Expect Sony’s Big Indie Push to Poach from PC
So it makes sense that many indie developers might see exclusivity deals, even timed ones, with Sony as a great thing for their games, and they’re not wrong. But we’re already seeing the effect: when Sony asks for exclusivity, that’s going to mean that games that normally would have been released on PC will be delayed, or worse, not make it at all.
Take the case of The Chinese Room, developer of Amnesia: A Machine for Pigs and Dear Esther, which announced its next game Everybody’s Gone to the Rapture at Gamescom. It also later announced that the game, originally planned for PC, will be Playstation 4-exclusive instead.
This isn’t a remote case, but the beginning of a trend, in my opinion. Sony has every incentive to bring notable, exciting indie titles to its platform and keep them there. The company has already proven repeatedly that it’s willing to throw a lot of money and attention at indie developers to attract them. As Triple-A continues to be lackluster even in going into the next generation, with lots of games coming out that continue to look like More of the Same, this focus on indies is a long-term strategy, not a short-term fad.
The result: Indies poached from PC to fill the catalogs of the Playstation Network as Sony angles itself to be the new “home” of indie. Self-publishing encouraging creators to bring their games to the bigger platform, with financial incentives that help the process. And, really, no one standing to oppose Sony’s push in the fragmented world of PC games distribution.
At this point, it certainly doesn’t appear as though we’re going to see a counter-move by anyone with clout to wrest any indie titles back to the PC platform. There’s almost no incentive at all for Valve, the biggest thing going on PC, to encourage indies to its platform — developers are literally throwing themselves at the company’s feet in hopes of getting on Steam, because that’s where the money is. Valve doesn’t need to court indies (or anyone else) with financial incentives, and any games that are poached to Playstation will quickly be replaced by the next unknown title in line.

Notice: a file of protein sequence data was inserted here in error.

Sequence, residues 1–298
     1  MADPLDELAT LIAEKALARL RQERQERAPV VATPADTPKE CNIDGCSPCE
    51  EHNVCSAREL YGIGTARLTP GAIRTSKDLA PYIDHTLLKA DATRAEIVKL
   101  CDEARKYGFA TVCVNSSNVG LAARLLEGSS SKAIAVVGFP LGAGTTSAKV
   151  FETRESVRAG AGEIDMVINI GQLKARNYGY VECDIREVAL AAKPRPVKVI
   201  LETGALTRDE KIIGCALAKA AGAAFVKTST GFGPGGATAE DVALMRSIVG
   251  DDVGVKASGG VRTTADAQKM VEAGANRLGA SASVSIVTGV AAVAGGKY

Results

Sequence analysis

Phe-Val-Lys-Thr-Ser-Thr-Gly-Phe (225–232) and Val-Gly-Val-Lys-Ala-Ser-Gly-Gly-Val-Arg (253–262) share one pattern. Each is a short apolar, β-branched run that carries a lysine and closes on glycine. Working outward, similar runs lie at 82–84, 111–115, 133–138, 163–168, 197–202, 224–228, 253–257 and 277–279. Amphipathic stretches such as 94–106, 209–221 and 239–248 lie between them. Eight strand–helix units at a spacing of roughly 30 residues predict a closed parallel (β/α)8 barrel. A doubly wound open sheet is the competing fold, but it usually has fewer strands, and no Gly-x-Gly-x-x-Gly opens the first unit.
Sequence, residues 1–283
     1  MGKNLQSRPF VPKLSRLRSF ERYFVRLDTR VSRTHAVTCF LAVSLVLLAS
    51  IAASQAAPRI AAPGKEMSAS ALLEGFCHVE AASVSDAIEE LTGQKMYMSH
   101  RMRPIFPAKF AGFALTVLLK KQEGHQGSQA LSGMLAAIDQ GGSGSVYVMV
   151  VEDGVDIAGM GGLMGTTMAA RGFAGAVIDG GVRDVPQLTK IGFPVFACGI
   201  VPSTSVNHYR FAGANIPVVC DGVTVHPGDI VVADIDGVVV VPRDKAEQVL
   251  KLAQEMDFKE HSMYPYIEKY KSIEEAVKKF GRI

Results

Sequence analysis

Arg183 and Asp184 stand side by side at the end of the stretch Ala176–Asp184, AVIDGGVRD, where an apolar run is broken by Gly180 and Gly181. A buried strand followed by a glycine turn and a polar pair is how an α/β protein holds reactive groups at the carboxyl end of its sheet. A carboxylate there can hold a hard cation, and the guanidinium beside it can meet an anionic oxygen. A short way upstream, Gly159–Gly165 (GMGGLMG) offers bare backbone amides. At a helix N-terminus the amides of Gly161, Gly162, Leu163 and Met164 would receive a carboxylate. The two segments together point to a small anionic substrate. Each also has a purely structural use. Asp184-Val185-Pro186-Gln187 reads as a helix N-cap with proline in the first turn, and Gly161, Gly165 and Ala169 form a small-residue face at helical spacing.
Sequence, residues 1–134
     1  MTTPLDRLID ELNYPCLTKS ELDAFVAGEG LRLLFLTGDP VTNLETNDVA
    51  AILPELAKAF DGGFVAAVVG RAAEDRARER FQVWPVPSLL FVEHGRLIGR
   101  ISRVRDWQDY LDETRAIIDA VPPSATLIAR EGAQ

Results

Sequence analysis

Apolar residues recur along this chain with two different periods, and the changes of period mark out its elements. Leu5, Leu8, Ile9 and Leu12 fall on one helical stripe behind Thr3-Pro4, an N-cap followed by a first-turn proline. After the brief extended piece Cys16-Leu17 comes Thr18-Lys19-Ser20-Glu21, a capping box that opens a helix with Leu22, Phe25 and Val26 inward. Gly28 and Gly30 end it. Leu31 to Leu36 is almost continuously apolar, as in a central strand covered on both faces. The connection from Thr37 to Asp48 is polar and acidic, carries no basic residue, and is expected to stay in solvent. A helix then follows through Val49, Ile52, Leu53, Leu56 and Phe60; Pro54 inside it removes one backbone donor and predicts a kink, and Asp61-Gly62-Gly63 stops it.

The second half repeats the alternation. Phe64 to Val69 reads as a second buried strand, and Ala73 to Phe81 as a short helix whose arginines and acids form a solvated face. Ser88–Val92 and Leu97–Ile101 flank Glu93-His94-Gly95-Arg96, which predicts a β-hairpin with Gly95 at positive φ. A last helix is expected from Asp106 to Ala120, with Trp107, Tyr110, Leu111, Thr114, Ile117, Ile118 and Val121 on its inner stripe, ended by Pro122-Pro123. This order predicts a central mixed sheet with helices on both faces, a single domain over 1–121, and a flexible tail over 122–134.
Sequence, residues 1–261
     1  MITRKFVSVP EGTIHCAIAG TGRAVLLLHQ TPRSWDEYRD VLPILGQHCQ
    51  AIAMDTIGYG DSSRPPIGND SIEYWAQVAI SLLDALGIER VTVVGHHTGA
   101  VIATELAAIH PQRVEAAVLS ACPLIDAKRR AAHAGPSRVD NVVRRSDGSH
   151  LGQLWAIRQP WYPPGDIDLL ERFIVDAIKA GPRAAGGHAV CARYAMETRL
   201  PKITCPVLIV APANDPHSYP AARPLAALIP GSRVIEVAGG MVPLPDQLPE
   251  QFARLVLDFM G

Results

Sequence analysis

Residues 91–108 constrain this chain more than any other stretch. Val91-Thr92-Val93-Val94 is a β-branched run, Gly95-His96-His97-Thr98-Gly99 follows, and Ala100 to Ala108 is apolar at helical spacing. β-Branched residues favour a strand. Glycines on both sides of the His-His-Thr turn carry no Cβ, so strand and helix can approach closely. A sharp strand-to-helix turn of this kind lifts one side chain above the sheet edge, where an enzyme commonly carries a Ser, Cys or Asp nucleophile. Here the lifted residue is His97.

If there are to be challengers to Sony drawing indie titles from the PC platform, one likely suspect is Electronic Arts. The company is clearly proud of its Origin platform and pushing it harder and harder every day, and hasn’t shied from courting games it hasn’t published for sale on the portal. EA has the means and the desire to build up Origin by attracting indie exclusives, and it’s possible for it to offer enticing counter-offers against Sony. Like Valve, however, it might not see the need given the number of unknown indie games out there, slowly filtering into public consciousness — why compete with Sony when you can just grab something else, likely for less money?
Regardless, the nature of the PC platform means it’s open and available for Sony (as well as Microsoft) to cherry-pick big, popular titles and turn them into exclusives. And while that’s great for indie developers, and overall likely a net-positive for video games as a whole, I can’t help but be a little dismayed. Those of us who opt for PC will likely be playing fewer Journeys, Bastions and Fezes in the future. Hopefully there will continue to be other exciting titles that crop up to take their places.